11. Particularly puzzling is the relation between this view of goodness as veiled and inward and fictionally unportrayable, and the issue of our knowledge and ignorance of the historical Jesus. The historical Jesus presumably did and said a great many things that were seen and heard by others, although the alleged inwardness of goodness will make the relation between deeds and words and goodness elusive and indirect. If the incognito is thoroughgoing, how do we know to single out this man for reverence? There has to be some trusting the records, and in reasonable detail. Why then should we not quest for the historical Jesus? If our right to 'optimism' - about the possibility of human goodness - rests upon the 'work of Jesus' (i.e. his giving 'intelligible form' to that possibility), surely a substantial amount of particularized historical data about Jesus' life is indispensable. Also, although it is entirely plausible to claim that Jesus enhanced our confidence in the possibility of goodness, it is hardly shown that he uniquely gave grounds for optimism, so construed. Would this really require perfect goodness? and if less than perfect goodness would do, the Dostoevskian and Kirkegaardian obstacles to the portrayal of perfect goodness lose their power.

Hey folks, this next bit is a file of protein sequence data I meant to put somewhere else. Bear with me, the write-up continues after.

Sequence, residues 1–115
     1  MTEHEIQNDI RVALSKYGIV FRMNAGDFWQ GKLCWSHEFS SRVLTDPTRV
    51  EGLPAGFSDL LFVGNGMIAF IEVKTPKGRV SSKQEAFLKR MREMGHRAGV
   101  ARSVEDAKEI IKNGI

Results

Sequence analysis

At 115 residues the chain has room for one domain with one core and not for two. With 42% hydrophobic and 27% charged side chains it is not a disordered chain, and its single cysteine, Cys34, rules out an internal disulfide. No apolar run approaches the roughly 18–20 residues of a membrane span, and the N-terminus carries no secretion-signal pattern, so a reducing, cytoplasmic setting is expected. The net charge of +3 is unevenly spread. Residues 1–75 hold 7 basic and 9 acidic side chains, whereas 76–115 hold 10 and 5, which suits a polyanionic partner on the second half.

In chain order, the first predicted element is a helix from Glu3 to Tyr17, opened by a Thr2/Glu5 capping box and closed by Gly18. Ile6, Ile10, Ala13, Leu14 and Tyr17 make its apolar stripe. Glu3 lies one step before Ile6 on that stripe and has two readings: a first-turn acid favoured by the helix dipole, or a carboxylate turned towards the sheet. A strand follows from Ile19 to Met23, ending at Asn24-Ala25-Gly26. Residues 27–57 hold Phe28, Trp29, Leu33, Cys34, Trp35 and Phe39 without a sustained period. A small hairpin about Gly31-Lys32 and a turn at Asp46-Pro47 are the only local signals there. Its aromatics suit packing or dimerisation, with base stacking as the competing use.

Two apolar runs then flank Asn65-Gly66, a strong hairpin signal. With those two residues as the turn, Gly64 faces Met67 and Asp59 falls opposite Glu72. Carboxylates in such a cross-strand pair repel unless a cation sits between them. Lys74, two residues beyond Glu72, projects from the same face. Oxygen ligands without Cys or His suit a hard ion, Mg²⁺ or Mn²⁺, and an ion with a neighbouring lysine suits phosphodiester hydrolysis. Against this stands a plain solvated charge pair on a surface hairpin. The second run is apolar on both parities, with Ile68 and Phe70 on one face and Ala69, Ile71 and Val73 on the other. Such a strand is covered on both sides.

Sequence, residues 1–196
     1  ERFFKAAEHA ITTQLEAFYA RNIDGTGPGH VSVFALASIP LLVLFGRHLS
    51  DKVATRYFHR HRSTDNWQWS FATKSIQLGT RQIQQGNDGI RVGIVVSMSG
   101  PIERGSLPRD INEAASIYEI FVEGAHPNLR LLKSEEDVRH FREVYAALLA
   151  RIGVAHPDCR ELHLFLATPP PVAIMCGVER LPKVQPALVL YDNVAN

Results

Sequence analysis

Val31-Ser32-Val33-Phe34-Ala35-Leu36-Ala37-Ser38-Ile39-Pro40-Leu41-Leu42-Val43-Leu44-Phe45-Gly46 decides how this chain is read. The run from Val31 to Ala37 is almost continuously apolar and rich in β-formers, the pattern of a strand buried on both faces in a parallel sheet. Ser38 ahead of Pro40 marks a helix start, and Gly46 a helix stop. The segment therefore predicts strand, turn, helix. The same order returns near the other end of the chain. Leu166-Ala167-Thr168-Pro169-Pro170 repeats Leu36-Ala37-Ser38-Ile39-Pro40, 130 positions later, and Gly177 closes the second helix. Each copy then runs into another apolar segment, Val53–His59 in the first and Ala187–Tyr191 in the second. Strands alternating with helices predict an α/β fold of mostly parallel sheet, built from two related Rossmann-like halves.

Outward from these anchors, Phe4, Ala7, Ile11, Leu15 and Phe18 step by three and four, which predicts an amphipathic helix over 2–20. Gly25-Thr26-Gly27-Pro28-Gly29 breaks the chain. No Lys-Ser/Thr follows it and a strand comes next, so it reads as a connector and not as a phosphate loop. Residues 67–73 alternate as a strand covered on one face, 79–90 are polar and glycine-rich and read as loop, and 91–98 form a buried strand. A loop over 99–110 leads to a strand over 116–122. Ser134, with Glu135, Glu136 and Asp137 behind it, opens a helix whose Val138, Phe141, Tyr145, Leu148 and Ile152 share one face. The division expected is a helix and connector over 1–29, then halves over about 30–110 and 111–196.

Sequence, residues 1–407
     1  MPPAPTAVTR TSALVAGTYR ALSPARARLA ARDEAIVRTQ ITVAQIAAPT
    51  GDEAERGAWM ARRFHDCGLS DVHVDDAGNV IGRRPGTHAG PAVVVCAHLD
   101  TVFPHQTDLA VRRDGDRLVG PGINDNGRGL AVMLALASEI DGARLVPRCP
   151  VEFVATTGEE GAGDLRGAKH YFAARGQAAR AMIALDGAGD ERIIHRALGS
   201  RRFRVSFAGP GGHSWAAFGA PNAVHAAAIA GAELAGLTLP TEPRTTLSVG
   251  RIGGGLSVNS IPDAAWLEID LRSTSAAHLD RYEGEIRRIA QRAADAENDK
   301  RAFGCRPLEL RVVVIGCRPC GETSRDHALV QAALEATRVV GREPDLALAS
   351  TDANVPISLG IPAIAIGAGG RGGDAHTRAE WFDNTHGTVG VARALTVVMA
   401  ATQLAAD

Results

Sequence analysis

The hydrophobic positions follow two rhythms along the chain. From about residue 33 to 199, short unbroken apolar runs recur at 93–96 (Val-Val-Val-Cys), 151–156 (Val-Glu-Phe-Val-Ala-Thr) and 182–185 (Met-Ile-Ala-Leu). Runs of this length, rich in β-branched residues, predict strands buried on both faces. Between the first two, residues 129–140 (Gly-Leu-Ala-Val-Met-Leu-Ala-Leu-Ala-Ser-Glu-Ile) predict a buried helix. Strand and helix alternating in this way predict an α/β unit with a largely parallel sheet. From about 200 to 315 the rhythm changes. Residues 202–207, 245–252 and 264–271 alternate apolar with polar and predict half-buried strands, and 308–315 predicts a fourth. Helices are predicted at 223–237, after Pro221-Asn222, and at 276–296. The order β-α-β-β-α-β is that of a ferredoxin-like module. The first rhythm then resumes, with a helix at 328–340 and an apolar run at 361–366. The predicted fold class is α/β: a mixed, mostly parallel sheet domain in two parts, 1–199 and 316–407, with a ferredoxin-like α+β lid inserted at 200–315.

12. Jesus affirms that he is the Way and yet accepts a fate incompatible with all outer signs of divinity. His 'life and words... point clearly to the inadequacy of any account of goodness which is essentially outward and unambiguous'. But we are able to say this only if we have considerable confidence to the historical accounts of that life and those words. How then can we not have the utmost interest in what historical scholarship continues to say about these accounts, both about the large outline of Jesus' life and about the details? Vulnerability too, I think, cannot be avoided.
  13. With its candour and honesty, Sutherland's book will undoubtedly give new impetus to the search for revisions of Christian teaching compatible with the philosophical thought of the day.